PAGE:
I tried NaNoWriMo for the first time in November. I wasn’t planning on it until I talked to my daughter Meredith Rose Ashe and she challenged me. So, two days before the end of October, there I was wracking my brains for something I could easily turn into a novel — or at least 50,000 words of a novel. I write long, so 50,000 words is really the first half of a novel for me.
I didn’t find anything I liked in my usual writing prompts, but Meredith and I had developed some characters for a pirate spoof we called Avast. Why not do that? I called her and asked if she minded. She said go for it. So I scribbled some quick notes, threw them into One Note (one of the best programmes in Office 2010 for organizing I’ve ever run across), bought myself a 4″ binder and some dividers, and hit the ground running.
Normally I don’t write by word count but by number of pages. I set a goal of so many pages a day and try to hit it. NaNoWriMo’s goal is 1667 words a day. Every day. Seven days a week. If you miss a day you have to make those words up! Like any writing, there are good days where the writing flows easily and others where the words are jammed at the fingertips, refusing to come out. And of course, life happens while you are trying to write. Not only that, but there is Thanksgiving to plan and Christmas…
Meredith hooked me up with a writer’s group on Facebook. Most if not all of us were doing NaNo. It helped to join Word Wars — challenges to find out how many words we could write in an hour. It kept me focused and writing.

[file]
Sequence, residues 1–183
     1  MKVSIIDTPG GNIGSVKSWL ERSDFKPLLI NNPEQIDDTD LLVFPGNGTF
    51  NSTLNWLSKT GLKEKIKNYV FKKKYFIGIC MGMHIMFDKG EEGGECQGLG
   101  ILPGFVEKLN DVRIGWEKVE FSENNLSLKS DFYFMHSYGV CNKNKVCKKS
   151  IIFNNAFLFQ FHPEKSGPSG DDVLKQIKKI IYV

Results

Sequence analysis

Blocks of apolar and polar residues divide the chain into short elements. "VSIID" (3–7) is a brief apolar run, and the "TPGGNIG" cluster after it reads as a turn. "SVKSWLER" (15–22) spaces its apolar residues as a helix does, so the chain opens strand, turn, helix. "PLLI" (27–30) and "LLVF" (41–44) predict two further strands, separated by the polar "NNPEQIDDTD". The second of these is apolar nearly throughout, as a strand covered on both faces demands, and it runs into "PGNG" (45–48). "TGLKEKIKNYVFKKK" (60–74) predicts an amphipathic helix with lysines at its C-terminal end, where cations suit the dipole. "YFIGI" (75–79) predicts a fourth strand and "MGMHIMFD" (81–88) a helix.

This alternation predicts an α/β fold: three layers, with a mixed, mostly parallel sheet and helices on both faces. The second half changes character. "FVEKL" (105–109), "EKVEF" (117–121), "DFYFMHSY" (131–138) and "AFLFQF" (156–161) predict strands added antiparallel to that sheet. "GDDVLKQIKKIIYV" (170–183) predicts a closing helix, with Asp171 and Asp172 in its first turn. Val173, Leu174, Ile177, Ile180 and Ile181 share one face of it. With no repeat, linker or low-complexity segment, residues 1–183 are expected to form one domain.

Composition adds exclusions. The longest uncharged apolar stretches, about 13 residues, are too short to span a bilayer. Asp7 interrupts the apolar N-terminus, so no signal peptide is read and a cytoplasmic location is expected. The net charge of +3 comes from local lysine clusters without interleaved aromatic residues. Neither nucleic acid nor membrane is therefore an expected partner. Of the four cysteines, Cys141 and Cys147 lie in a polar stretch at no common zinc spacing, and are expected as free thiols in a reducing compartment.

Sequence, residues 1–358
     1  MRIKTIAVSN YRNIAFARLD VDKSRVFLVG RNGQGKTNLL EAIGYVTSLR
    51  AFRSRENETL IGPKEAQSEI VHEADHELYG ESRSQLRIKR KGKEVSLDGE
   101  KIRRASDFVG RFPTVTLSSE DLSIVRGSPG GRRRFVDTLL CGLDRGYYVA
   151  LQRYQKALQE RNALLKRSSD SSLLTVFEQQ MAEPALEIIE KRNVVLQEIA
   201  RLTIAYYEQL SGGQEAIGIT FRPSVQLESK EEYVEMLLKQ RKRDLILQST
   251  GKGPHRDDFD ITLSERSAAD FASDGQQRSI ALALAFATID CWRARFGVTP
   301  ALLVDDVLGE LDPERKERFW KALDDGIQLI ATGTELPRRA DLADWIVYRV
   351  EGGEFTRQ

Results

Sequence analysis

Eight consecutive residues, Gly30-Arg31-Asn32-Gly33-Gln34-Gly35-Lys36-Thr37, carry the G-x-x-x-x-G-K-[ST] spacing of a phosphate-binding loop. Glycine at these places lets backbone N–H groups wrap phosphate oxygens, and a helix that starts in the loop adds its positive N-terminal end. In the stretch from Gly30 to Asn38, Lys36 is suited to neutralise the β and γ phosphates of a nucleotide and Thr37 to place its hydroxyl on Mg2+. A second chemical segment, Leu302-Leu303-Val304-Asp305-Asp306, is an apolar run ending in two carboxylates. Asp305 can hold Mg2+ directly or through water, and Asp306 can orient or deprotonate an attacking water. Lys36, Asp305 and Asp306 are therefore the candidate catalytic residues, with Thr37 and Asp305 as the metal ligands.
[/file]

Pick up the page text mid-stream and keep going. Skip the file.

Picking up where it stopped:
So what did I learn through this tremendous month?
I learned I can start a project quickly.
I learned I can write well even when I’m going on sketchy notes. I didn’t have a lot of plotting going into my chapters, just sort of wrote a beginning and ending idea and some vague thoughts and then went for it. This is not how I usually write, but I realized I can trust my creative side to know what to say when the editor is forced to stay in the background.
I learned I am capable of writing a lot of words quickly. I easily averaged my 1667 words, one day writing 4500 words because I was behind. I found that I could write between 900-1200 words an hour with ten minute breaks in between. So now I’m setting my goals every day of 2000-2500 words and reaching or exceeding them.
I took weekends for me. I needed the downtime. So in the end I didn’t get my 50,000 words written. I wrote 42,500. I’m okay with that for this first time. Next year I’ll actually make my goal because I won’t take every weekend.
Going forward, i know I can write a lot of words and do it well. it has helped me in the writing of my current work in progress. I’m still learning to trust my creative self and tell the editor to go play on this first pass (my inner editor is very picky about what I put on paper). It’s okay not to be perfect the first time round, but I know I’m going in the right direction. And it’s FUN!
I’m nearly at the end of the current manuscript and struggling to finish it. I know it’s because I love my characters and don’t want to let them go, even for a little while. NaNoWriMo helped me learn to finish what I start, too, even though I’m only in the middle of what I wrote in November. I’ll go back and finish Avast, and I’ll finish Energy Weavers, hopefully this month.
My goals going forward are to finish the last two chapters of Energy Weavers, finish a historical called Now and Then, and then start the sequel to Energy Weavers. I’d also like to rewrite a book I wrote and had published back in 2002, perhaps publish it as an e-book. That’s a lot for one year in which I have abdominal surgery at the beginning of the year and two months of recovery. We’ll see what happens. But at least I have the goals and something to strive for. That’s all good.